If you live or work in this community, you’re undoubtedly familiar with the shops, restaurants and services that Oakville has to offer – but what about it’s history? Did you know that town founder, William Chisholm, paid 21 shillings ($4,116) for 960 acres of land at an auction in 1827? The Oakville Historical Society works to preserve interesting tidbits such as this, as well as the many historical buildings scattered throughout the town.
Local resident Mary Davidson initially joined the society because of the friendliness of the people she met during the Speaker’s Nights. “I thought it would be a nice, quiet kind of place to spend some time with a little bit of interest on the side: learning more about the town we have come to consider home,” says Davidson. Her main roles are publicity, organizing guest speakers, and manning the Thomas House.
The Society is operated and managed strictly by volunteers, a highly dedicated group of individuals without whom the Society couldn’t exist. The archival collection and libraries are extensive, informative and interesting. There are many original documents, letters, pictures, maps, albums and more to view. The Society’s main library contains over 1,500 items from costumes and relics to cookbooks and genealogy.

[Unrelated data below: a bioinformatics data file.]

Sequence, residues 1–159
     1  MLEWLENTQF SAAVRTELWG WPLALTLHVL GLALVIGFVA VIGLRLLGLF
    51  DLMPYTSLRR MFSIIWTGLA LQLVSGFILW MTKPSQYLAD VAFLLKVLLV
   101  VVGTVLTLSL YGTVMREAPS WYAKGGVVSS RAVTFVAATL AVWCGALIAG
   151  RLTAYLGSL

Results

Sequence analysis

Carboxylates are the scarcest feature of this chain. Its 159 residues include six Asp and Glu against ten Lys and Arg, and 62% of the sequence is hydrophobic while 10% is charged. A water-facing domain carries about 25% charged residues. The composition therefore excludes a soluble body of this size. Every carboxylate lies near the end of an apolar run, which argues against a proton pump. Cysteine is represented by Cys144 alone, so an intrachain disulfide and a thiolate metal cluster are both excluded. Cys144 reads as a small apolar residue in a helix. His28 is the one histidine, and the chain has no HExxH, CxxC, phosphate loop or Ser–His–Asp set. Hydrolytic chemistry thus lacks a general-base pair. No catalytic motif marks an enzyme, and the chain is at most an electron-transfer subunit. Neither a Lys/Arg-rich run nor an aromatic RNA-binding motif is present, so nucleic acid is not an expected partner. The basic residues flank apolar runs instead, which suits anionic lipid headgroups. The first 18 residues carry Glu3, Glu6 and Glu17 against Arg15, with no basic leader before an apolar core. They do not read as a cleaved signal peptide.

In the main reference library, the Society maintains a noteworthy collection of over 6,000 photos depicting the buildings and pioneer lifestyle of the community as it was all the way back to the mid-nineteenth century. The archives are stored in a climate-controlled area approved by the Archives Association of Ontario, ensuring that the integrity of the collection is not compromised.
The best way to familiarize yourself with Oakville’s history – and the Society – is to to attend a Speaker’s Night, or one of their events, like Davidson did. “I’ve learned that Oakville has many beautiful places that have been preserved through the actions of people concerned with history, and Oakville has many kind and talented people who are happy to share their time and talents to help keep this Town “Livable” as our slogan says,” says Davidson. “It’s very gratifying to see how many young people are interested in learning about our town – we see them in the summertime at the Thomas House down at Lakeside Park – over 5,000 visitors in 2013 – a record year for us!” Davidson encourages locals to visit the Thomas House. “Many who visit the Thomas House are surprised that there is this lovely Park so near to the downtown!”
Several historical buildings in Oakville are believed to be haunted, including the Erchless Estate. Local author, Joyce Burnell, has written a book titled “Ghosts of Oakville”, chronicling the tales of local ghosts. Erchless Estate in particular has had many sightings of different ghosts, said to be members of the Chisholm family. If you’re interested in learning more, make the Oakville Historical Society your first stop!
Share with the Society
Have something of note that might be of interest to the Historical Society? Let them know. They’d be happy to take a look.
Article written by Becky Dumais